I find the idea intriguing that a Bible translation would likely regularize the language. Perhaps the main reason Patois ISN'T seen as a full language is the fact that it has not had its own Bible yet.

Rather than dumbing down the Bible, a translation like this might smarten up a language. I'm sure it already has its own genius. But several European languages have been raised through a similar process.

At Thu Oct 16, 07:08:00 PM, Anonymous Anonymous said...

I just reread Leland Ryken's chapter in Translating Truth to refresh my memory. It was worse than I thought.

In the final paragraph of the chapter (on page 76) he writes about "the current debate" between supporters of "essentially literal translation theory" and "devotees of dynamic equivalence". He concludes:

What is at stake is whether the Bible reading public will return to the real Bible or accept a substitute for it.

At Fri Oct 17, 10:21:00 AM, Blogger Peter Kirk said...

Glenn, thanks for your challenge. Stan has of course partly answered it. But I wanted to look for something more specific. So I tried looking through Ryken's book The Word of God in English. And I was a little surprised by what I found, for example this quotation (p.92):

Within the confines of accuracy to the original text, a translation should strive to achieve maximum readability by avoiding obsolete words and demonstrably archaic language ...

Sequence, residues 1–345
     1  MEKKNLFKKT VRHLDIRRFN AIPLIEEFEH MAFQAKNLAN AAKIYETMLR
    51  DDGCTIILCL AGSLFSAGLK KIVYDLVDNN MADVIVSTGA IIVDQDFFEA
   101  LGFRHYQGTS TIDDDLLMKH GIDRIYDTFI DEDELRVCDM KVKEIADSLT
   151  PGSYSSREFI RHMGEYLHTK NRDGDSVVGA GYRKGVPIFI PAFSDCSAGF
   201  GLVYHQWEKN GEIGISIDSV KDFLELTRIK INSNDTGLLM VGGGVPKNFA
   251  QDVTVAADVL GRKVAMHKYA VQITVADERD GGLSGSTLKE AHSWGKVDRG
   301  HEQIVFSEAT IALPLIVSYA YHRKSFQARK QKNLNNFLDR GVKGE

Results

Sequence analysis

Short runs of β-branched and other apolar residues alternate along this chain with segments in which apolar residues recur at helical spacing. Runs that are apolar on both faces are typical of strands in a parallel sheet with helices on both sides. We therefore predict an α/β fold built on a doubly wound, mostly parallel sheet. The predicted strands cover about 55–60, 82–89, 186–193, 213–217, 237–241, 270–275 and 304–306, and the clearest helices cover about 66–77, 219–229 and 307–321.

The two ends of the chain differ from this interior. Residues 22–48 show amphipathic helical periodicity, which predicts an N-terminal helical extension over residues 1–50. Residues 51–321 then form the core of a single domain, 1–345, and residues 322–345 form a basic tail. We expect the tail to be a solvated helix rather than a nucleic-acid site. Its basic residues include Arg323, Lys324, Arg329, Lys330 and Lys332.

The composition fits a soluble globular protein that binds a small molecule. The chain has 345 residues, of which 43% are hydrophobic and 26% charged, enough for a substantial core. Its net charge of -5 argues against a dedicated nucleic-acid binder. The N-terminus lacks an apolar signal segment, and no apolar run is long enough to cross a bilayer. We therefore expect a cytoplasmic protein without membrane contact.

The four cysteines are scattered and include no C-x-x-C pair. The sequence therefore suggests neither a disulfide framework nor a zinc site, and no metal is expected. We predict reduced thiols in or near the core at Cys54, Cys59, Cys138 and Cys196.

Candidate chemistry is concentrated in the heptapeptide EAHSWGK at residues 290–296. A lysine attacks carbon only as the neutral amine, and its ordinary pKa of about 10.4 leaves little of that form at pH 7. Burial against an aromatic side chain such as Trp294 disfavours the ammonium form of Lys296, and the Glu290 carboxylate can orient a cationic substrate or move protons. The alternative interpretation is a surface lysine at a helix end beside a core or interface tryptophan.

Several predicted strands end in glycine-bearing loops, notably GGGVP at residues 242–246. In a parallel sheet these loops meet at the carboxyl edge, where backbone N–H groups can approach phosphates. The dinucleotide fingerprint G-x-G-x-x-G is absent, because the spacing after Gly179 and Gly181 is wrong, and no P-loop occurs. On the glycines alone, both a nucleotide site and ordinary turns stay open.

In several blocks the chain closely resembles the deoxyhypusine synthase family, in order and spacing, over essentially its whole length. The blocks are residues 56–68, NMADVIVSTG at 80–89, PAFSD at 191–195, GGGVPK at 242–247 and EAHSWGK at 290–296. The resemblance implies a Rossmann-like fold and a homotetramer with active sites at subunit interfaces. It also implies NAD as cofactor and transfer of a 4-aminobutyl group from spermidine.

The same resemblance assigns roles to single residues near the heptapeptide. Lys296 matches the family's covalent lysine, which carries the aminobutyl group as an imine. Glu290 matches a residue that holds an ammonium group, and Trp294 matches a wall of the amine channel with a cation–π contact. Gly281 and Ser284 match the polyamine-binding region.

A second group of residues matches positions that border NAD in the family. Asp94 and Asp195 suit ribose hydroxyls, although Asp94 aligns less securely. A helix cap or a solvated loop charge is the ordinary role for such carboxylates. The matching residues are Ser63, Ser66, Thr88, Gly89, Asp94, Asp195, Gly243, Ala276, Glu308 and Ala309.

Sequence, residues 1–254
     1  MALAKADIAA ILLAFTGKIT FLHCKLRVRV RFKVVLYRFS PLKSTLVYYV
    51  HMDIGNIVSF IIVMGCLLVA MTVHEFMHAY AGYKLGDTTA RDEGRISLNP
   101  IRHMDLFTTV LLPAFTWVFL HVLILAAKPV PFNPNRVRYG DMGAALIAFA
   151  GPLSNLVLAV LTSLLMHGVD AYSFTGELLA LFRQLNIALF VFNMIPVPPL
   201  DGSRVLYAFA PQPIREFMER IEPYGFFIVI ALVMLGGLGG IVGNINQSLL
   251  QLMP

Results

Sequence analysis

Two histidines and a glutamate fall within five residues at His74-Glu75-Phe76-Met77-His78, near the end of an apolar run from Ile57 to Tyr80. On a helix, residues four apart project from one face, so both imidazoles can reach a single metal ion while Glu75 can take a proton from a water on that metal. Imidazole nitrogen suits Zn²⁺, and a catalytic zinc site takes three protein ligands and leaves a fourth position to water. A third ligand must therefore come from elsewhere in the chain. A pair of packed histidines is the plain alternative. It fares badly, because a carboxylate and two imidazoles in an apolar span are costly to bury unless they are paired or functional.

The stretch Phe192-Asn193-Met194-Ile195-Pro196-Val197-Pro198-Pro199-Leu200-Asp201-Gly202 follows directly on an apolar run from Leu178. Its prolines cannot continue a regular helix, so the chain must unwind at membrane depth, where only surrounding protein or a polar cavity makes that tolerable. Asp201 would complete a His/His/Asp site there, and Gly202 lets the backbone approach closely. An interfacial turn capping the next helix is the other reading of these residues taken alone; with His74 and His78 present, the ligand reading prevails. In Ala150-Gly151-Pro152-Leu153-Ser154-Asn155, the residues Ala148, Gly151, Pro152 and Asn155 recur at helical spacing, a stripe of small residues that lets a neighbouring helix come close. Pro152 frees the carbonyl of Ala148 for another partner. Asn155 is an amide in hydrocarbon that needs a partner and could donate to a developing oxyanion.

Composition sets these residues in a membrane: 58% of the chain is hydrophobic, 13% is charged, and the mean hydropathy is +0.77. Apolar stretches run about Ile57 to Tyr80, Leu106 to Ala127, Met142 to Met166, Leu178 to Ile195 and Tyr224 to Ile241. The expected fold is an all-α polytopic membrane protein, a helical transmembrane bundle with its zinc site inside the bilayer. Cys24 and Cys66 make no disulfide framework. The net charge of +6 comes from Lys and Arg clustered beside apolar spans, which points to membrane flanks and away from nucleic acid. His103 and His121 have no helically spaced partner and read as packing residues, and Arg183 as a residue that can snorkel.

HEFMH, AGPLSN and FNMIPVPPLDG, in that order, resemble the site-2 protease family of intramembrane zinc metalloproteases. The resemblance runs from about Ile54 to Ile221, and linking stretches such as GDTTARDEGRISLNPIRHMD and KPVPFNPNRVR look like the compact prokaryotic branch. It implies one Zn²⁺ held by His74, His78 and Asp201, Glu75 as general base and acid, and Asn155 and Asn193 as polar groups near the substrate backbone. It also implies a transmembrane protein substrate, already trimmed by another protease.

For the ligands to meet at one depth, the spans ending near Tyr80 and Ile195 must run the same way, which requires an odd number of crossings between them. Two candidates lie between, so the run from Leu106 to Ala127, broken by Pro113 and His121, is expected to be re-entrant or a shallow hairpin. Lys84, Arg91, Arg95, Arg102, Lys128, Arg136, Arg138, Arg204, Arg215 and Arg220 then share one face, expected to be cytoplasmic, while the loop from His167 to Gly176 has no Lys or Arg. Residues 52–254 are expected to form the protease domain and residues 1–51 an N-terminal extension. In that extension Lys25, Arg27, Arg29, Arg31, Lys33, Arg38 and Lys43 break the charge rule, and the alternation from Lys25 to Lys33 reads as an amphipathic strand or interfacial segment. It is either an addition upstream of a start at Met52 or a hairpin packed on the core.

So, why did Ryken fail to meet this standard with ESV, of which he was the stylistic editor, a translation which is full of "obsolete words and demonstrably archaic language"? I guess that he would explain this in terms of the following (pp.92-93, his emphasis changed from italic to bold):

Readability in an English Bible translation should not be defined in terms of being the simplest English prose that we can produce. It should always be defined in terms of maximum readability within the parameters of the true nature of the biblical text as it stands in the original.

The problem here is that this principle can be used to justify syntactic and conceptual complexity, but it offers no justification for the lexical and syntactic archaism found in ESV.

So what might Ryken recommend to speakers of Jamaican Patois who, I presume, have some schooling in standard English? He tackles this in his "Fallacy #1: Contemporary Bible Readers Have Low Intellectual and Linguistic Abilities" (p.103ff). He clarifies this fallacy (p.104):